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Brockport voters will elect justices for village court June 17
Village of Brockport voters will make history during this year’s village election (June 17) when they elect the first two justices for the new village court.
Mayor Margaret Blackman researched the creation of a village court and reported to the village board regarding the feasibility of Brockport creating its own court. Her study concluded that a court would be beneficial to the village and to taxpayers.
On October 7, 2013, the Village Board unanimously passed resolutions establishing the position of village justice (two justices serving four-year terms) and authorizing funds for court set-up (not to exceed $27,000). Justices will be paid $15,000 per justice with no benefits and money has also be included in the budget to pay two part-time court clerks, according to the mayor.
The resolution establishing the court was subject to permissive referendum, however, a petition was never filed to bring creation of the court to a public vote.
The new village justice court will be housed in the Brockport Village Hall, 49 State Street. Necessary alterations will be made to create a courtroom as part of the current meeting room as well as an office for justices. Court software needs to be purchased as well as computers and on-line law books.
The resolution establishing the court states that funds for court set-up will come from delinquent parking ticket income.
“After the judges are elected, we can apply for a $30,000 JCAP (Justice Court Assistance Program) grant from the NYS Office of Court Administration,” Blackman says. Those funds would help to purchase necessary software as well as other items needed for court set-up, she says.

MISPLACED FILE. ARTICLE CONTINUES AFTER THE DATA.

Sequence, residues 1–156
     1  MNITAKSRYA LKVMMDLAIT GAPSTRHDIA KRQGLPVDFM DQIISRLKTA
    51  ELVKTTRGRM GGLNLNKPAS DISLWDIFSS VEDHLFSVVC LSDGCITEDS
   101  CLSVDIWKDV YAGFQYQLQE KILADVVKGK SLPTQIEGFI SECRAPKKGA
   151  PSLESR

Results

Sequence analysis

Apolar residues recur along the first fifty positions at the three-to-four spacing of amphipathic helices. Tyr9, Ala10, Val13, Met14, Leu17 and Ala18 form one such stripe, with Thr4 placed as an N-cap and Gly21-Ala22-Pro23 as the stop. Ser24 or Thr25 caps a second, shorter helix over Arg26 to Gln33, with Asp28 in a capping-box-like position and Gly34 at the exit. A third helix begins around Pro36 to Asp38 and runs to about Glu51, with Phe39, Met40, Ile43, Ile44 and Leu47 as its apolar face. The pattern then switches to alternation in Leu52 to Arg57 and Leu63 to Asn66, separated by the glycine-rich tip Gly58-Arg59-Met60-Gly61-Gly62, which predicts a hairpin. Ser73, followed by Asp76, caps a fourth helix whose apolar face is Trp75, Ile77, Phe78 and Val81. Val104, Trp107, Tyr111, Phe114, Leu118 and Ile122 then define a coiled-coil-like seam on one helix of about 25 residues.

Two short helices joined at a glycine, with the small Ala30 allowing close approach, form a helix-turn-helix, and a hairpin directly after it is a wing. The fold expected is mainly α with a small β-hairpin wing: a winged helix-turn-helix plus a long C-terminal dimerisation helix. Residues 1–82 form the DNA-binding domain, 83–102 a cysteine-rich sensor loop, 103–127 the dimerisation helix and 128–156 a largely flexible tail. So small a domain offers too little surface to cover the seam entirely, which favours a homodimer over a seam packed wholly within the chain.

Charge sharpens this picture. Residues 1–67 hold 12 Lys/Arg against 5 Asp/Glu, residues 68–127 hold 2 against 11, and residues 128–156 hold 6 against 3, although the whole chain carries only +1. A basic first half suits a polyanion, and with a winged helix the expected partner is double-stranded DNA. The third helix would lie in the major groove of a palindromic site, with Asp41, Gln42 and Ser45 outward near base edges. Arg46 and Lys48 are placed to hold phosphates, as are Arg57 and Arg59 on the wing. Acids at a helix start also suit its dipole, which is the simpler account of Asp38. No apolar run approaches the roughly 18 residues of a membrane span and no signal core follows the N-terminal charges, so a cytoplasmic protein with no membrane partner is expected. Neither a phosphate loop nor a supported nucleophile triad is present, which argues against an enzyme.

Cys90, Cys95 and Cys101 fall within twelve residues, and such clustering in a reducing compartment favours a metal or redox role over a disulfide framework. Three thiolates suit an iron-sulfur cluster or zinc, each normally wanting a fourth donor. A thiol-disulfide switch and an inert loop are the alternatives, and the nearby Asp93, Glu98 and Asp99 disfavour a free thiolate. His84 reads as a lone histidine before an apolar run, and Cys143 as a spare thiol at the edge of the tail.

The court will be up and running after January 1, 2015, the mayor says, allowing time for alterations to the village hall and for the newly elected justices to attend training sessions planned for December 2014.
Blackman says the village considered holding court at the Sweden Town facility as well as the fire hall on West Avenue, but for various logistical reasons the Village Hall has proven to be the best option.
She described some of the changes which will need to be made at the village hall in order to accommodate the court. Judges will go where the codes office is now, she says, and court clerks will need their window secured. Part-time security will also need to be hired. An exit will be created in the courtroom/meeting room to allow egress directly to the outside. That change will allow for higher occupancy in the room, the mayor notes.
The current public restroom will also have to be adjusted because it is located adjacent to the raised platform at the front of the room which serves as a dais for village board meetings.
The village DPW will provide in-kind services for the village hall alterations, the mayor says.
Blackman notes the village continues to do well with revenue from parking tickets. “(As of) April 30 … $110,000 has been collected from village ordinances and parking fines,” she said.
The new village justice court will benefit residents, Blackman explains. “Justice will be more local,” she notes. “It will give us the ability to pay real attention to village ordinances and things that are happening in the village and will return fines to us that we don’t currently get and for which village police hand out tickets.”
Candidates in Brockport village elections unopposed
The three candidates running for office in the June 17 village election are all unopposed.
Kent Blair and Bill Andrews, Jr. are running for two village justice positions on the new village court and Trustee John LaPierre is running to complete the four-year term to which he was appointed last July following the election of Margaret Blackman as mayor. All three candidates are running on the Revitalize Brockport ticket.